At this point Audrey (Molly Shannon), the boss's ex-secretary, shows up at the house looking to get her job back because she's just been fired. When she's abandoned there by an idiot boyfriend, she asks to stay the night. Tom, unable to say no to anyone, agrees to let her remain, whereupon she invites her friends, Tina (Carmen Electra), who looks good in a wet T-shirt, and Speed (David Koechner), who doesn't look good in any kind of T-shirt, to the house to help find the lost bird. Then other people show up, like Red (Andy Richter), the boss's estranged son, trying to peddle drugs; T.J., a hoodlum (Michael Madsen, one of my favorite actors wasted again in a stereotype); Lisa, who's come home sooner than anticipated; and, finally, Lisa's date from earlier in the evening, Hans (Kenan Thompson).

There is a much too conscious attempt in the film to be anti-PC, which backfires as badly as the film's characters, who are already running on empty. Maybe Zucker was trying to out-Farrelly the Farrelly Brothers, but jokes about gays, lesbians, Jews, blacks, quadriplegics, breast cancer, head injuries, and the blind all fall flat. The height of grossness is achieved on a scale heretofore only matched by Tom Green when T.J. the hood unzips his pants and.... Well, you don't want to know, but he makes a mess of the living room.

The one moment of genuine Zucker zaniness that works happens at the end of the movie, involving the boss hanging from a limb, and I admit it made me laugh. But one laugh in ninety minutes is hardly cause for celebration.

Again quoting from the keep case: "It's the longer, funnier and R-rated version that you have to see to believe." I came; I saw; I didn't believe.

The picture quality is about what we have come to expect from a lot of Buena Vista transfers. It's clean, with no grain, no jittery lines, no pixilation; but the overall image is slightly glassy in a dull, veiled manner. Color bleed-through is minor, and facial hues tend toward the pinkish and orangish side. Still, the result is bright and showy, and for a movie like this, that's all anyone could ask.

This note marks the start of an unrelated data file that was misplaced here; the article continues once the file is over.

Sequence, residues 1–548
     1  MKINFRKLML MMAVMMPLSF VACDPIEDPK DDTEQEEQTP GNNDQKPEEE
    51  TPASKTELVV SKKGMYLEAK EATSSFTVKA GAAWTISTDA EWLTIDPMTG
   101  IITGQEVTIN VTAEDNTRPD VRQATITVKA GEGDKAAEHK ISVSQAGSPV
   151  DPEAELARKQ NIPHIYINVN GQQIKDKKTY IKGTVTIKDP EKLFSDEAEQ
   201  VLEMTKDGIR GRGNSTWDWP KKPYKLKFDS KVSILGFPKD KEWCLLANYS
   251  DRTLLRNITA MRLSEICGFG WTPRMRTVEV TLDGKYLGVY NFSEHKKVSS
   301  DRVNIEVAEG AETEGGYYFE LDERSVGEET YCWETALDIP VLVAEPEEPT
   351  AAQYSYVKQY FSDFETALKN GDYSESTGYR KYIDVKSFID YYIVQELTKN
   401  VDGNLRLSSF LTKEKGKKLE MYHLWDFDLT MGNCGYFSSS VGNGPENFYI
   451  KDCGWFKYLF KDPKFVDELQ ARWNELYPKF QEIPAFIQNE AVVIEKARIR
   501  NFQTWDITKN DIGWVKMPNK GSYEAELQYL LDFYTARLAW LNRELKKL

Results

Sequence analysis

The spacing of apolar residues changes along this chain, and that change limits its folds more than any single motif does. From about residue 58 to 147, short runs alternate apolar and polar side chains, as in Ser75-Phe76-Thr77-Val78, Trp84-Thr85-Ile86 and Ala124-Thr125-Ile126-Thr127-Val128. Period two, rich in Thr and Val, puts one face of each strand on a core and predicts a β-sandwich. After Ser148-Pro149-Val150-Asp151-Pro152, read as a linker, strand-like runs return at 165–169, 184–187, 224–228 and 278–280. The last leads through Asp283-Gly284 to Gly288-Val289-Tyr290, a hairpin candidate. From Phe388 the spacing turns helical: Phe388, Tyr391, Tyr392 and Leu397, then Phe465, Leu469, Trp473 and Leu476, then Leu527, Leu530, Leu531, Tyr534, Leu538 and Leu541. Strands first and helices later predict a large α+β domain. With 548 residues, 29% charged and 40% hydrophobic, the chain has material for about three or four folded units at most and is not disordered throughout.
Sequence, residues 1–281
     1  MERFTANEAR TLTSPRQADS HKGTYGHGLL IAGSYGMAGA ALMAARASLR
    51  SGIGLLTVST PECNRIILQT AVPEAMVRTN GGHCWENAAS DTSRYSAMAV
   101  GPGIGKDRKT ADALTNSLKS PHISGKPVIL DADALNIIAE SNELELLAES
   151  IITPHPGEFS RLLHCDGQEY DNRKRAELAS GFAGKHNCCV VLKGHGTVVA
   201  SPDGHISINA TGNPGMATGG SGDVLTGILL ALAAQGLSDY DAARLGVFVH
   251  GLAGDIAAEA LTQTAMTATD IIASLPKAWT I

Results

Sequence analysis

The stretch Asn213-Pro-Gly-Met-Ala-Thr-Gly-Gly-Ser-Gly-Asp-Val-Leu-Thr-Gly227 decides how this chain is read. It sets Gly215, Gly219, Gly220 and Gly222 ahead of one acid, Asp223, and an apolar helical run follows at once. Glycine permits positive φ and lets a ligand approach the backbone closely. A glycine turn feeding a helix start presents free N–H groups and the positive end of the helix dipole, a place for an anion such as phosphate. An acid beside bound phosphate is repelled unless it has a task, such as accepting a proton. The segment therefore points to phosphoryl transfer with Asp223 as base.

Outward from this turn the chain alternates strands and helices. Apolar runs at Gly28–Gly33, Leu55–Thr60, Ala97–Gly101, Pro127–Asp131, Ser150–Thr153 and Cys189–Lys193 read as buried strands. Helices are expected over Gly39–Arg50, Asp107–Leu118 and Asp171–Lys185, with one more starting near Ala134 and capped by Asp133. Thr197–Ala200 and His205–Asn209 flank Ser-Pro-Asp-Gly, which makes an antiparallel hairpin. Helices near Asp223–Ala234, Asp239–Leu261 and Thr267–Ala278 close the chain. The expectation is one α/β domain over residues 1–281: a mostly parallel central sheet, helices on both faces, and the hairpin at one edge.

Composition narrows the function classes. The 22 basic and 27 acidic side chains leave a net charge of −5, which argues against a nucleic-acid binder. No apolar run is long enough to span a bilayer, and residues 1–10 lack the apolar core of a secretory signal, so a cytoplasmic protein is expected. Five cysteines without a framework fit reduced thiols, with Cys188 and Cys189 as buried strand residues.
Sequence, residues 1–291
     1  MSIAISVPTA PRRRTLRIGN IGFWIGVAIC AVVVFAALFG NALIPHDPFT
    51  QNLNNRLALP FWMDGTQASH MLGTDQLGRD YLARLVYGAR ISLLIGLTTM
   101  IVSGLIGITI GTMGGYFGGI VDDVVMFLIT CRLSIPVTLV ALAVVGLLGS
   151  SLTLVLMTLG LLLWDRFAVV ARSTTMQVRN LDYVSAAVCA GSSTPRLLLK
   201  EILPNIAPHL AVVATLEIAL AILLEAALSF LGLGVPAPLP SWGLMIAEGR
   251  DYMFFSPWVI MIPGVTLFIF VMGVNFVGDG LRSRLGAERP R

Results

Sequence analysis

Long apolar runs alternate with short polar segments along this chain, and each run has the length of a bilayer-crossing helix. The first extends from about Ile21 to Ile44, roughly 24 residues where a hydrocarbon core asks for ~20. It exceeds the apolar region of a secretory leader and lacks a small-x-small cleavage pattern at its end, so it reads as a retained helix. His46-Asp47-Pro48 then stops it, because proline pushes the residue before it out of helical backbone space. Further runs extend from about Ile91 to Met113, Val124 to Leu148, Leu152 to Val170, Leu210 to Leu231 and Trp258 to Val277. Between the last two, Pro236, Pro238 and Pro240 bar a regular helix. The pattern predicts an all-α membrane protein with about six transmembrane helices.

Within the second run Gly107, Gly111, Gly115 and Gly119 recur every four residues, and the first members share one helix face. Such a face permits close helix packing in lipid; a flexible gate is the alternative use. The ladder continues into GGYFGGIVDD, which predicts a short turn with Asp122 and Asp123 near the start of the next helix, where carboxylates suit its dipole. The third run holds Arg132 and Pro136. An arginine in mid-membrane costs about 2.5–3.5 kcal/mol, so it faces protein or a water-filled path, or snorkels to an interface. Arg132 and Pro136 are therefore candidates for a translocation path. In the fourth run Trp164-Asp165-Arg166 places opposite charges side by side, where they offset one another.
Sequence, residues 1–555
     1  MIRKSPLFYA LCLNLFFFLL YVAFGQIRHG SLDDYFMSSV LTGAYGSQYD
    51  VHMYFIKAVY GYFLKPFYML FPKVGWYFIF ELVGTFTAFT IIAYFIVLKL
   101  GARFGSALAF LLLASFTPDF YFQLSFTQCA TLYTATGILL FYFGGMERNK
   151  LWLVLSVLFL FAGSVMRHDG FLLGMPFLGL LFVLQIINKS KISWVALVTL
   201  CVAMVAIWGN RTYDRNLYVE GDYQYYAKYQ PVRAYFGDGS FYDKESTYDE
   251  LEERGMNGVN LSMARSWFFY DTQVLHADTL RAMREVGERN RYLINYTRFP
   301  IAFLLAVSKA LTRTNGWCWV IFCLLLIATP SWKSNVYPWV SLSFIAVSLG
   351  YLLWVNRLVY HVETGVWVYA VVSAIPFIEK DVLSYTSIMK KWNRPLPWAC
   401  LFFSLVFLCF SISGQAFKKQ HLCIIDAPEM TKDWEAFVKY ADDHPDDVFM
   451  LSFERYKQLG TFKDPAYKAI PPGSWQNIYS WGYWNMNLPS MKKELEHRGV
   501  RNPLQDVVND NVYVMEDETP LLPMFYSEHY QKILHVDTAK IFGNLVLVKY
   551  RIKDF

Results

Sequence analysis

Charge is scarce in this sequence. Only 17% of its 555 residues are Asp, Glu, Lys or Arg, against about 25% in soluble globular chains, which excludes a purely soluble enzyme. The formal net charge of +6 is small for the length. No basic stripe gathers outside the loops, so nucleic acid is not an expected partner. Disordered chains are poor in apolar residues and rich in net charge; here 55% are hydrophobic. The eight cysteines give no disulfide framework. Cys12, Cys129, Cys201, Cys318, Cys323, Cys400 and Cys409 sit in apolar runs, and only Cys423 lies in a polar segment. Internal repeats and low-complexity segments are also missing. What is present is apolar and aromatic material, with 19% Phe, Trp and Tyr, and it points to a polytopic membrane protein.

Like most modern movies, the sound is reproduced via Dolby Digital 5.1, but it doesn't have very much to do. Like the video, the audio is clean, rendering dialogue clearly, but it hasn't a lot of stereo spread, dynamic impact, or surround effects to speak of. Musical ambience enhancement is moderate, but it's simply not the kind of film to have much use for the rear channels or supersonic fidelity.

The extras are on the weak side as well. About five minutes worth of outtakes are the highlight here, being better in most cases than what went into the movie. Then, there is a behind-the-scenes promo, "A Look Behind My Boss's Daughter," that lasts about four minutes, and Tara Reid's audition, about five minutes. Winding up the extras are sixteen scene selections; Sneak Peeks at a few other BV titles; English and French spoken languages; and Spanish subtitles, with English captions for the hearing impaired.

Parting Shots:
Clearly, director David Zucker's movies have become hit-or-miss of late. He started out with a bang in the early eighties, but "My Boss's Daughter" is a sore disappointment. Well, I suppose you can't be funny all the time. In this case, it's not even close.


Film Value